I’m Not a Strong, Educated Black Woman


“Hi, I’m a strong, educated Black woman,” says no one. Can I be strong and intelligent? And, can I just be Black? Separately? Excuse me for acquiring all three, but I like my “compliments” to stand apart from my blackness.

I am a woman. Yes, I earned a degree that’s likely resting in a box in a corner collecting dust. Yes, I use my knowledge, skills and my God-given talents daily. But, I am still a woman. Yes, I am Black. But, I am simply…woman.

I don’t twist my neck and snap my fingers. I am a woman. I don’t need fancy titles or adjectives to distinguish my intelligence. I am  a woman.  I don’t use my physical prowess to beat and cause injury. I am a woman. I’m not angry at the world. I’m a woman. My blackness is strength, not insulting. I am a woman.

I am outspoken, I am proud, I am funny, I am fierce, I am fabulous. I am a woman.

And, like my fairer-skinned sisters, I am educated and strong. Stop equating my intelligence and strength to my skin color and race. When’s the last time you heard, “she’s a strong, educated White woman?”  Is it easier to hear an opposing word from a White woman? Is she less angry than a Black woman? Is education more appropriate for White women? Are White women not as strong as Black women? Well, #ibedamned. I am not a strong, educated Black woman. I am a woman.

Like this #ibedamned blog? Please leave a comment showing love or sharing your thoughts on the topic. And, don’t forget to share the page with your friends.


18 thoughts on “I’m Not a Strong, Educated Black Woman

  1. *Inhales slowly* I am sick and tired, I repeat, sick and tired, of people always having to group everything under the sun with blackness. Whether it’s “Angry and Black”, “Intelligent and Black” or “Black and Beautiful” we can never seem to get a compliment without mentioning our race. Don’t get me wrong, I am proud of my blackness, and I without hesitation and doubt will own it COMPLETELY. However, other racial groups seem to just be “funny” “beautiful” and “intelligent” sans their ethnic background. Great post, and I look forward to reading more of your work. ❤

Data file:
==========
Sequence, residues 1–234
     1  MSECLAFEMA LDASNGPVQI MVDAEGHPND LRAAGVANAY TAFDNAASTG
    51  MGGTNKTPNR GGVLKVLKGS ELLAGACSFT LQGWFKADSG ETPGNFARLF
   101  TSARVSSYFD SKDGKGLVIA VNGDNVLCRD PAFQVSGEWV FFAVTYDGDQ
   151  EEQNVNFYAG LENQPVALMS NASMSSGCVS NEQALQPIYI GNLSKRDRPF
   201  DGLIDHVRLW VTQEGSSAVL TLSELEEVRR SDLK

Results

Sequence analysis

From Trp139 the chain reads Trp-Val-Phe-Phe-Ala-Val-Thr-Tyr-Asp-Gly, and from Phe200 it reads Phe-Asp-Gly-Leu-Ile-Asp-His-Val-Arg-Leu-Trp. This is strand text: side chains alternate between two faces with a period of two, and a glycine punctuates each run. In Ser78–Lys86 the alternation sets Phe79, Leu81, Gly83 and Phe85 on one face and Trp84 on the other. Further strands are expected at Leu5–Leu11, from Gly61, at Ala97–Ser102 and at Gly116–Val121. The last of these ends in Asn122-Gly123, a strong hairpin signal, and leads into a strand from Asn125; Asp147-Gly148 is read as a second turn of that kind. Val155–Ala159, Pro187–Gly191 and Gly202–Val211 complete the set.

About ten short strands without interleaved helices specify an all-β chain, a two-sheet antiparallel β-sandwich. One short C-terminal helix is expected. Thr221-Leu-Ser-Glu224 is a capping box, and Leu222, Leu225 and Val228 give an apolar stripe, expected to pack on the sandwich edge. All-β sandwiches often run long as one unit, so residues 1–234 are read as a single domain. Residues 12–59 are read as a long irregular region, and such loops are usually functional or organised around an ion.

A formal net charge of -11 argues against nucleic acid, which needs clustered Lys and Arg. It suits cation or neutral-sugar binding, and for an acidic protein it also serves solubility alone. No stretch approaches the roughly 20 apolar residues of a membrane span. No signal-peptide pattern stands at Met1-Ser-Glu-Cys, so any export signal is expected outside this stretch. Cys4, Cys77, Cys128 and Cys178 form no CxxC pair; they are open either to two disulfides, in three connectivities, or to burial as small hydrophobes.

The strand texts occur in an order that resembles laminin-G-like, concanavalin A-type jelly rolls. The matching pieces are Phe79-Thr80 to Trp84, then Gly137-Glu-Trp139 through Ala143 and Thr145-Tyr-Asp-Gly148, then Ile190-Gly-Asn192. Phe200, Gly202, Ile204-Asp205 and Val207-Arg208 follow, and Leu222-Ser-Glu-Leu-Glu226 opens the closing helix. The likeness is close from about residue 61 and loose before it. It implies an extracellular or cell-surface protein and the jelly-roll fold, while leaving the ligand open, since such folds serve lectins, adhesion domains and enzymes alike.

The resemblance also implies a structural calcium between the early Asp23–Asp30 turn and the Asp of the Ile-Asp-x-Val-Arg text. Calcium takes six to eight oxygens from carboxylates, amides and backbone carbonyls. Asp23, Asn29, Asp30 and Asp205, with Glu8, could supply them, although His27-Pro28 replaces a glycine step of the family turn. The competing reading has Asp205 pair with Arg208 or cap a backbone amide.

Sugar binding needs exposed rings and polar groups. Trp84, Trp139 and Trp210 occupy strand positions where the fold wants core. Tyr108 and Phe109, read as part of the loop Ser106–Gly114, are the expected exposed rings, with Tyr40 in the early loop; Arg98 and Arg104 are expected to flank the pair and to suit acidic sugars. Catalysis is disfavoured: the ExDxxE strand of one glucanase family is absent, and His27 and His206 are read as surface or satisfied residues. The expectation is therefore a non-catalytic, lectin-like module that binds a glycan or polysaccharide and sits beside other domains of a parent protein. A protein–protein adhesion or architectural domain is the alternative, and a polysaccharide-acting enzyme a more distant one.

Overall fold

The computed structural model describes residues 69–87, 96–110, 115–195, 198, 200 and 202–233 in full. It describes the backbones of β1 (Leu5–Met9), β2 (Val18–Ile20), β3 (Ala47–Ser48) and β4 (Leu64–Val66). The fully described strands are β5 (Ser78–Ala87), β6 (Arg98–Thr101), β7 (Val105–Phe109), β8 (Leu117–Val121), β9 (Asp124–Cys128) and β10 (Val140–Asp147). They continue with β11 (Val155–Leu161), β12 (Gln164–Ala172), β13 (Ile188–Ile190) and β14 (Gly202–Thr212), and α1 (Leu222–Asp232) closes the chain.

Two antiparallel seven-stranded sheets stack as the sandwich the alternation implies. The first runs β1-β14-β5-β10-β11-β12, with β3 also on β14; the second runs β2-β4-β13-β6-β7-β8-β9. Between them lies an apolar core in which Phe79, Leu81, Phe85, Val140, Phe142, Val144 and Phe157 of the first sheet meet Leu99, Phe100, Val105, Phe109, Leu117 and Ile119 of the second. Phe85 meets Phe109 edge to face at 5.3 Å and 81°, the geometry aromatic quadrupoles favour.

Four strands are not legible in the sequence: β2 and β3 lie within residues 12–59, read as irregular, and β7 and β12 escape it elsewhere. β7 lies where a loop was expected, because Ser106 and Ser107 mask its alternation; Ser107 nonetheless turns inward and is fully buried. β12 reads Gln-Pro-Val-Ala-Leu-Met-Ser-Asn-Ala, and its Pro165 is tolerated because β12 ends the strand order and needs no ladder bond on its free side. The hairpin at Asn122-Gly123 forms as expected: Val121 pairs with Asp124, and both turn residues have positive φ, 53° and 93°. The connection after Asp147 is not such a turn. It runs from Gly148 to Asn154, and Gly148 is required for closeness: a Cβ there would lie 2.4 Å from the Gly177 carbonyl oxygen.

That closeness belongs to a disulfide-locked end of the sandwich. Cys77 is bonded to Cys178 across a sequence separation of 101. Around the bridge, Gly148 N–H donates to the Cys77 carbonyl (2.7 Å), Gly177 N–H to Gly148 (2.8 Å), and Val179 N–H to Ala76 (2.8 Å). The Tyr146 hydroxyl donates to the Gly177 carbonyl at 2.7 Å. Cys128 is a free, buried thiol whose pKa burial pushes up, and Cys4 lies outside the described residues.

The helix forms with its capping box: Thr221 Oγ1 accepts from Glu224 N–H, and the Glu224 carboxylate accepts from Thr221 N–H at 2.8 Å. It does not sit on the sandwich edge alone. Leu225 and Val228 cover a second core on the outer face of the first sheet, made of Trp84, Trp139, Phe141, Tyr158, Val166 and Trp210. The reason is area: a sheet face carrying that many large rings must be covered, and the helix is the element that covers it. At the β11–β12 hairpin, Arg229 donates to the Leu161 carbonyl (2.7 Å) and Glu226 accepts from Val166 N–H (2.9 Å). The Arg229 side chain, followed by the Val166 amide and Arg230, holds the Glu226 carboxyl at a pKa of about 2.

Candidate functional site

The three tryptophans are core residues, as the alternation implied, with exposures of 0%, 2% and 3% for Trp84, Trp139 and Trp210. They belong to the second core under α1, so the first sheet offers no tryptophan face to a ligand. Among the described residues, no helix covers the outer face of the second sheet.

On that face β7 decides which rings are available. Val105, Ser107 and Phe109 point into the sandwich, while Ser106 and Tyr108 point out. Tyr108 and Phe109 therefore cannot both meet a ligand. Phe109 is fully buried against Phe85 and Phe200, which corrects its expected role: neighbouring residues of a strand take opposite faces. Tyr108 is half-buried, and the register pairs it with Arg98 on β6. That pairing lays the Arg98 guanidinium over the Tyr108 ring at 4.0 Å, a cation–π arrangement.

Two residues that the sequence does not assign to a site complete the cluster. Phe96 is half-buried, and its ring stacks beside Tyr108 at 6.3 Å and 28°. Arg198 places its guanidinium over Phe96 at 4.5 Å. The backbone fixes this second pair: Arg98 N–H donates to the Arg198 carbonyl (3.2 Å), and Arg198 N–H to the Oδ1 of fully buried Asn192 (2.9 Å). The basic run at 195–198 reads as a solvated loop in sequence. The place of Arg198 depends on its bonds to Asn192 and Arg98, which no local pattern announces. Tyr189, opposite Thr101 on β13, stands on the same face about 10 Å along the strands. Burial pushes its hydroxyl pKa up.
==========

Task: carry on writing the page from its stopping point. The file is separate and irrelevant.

2. Great post! I agree with you and everyone else. We should also be celebrated for our great achievements and characteristics. I was having a conversation with family and friends about something similar to this. My 14 year old daughter was told by a group of peers that she talks like a “white girl”. We felt like it was really demeaning and insulting.


  3. This is so good. Lately it seems that everything we do is presented “as a black woman”. But that’s what we are…we have no choice. LOL
    Our characteristics shouldn’t always be a part of our race or color. Thats part of is but not ALL we are.

    Liked by 1 person

  4. I agree we shouldn’t always have our race added to our gender when they’re great things about us. I am first a woman as Anitra stated, that happens to be black with a degree. Right on, sis! Thanks for speaking the truth!

    Liked by 1 person

  5. You have to good point. I think if we weren’t portrayed so negatively in the media and stereotypes, adding the black piece wouldn’t feel necessary sometimes.

    Liked by 1 person

  6. While I agree, I think some people, myself included, proudly proclaim being strong, educated, and black because there are so many stereotypes out there to counteract that. With how we’re represented in the media via reality tv, Hollywood, and music, it’s nice to show the world “hey, no, THIS is who we really are.. not THAT”. But I feel you girl, great piece!


    • I also agree with you. I had a similar conversation re: stereotypes on Black women. However, I’m sometimes confronted with the, “oh, you’re one of those strong, educated, black women” responses. This I know. But, everytime, I speak with authority or express an opinion, I shouldn’t be labeled or put in my box.


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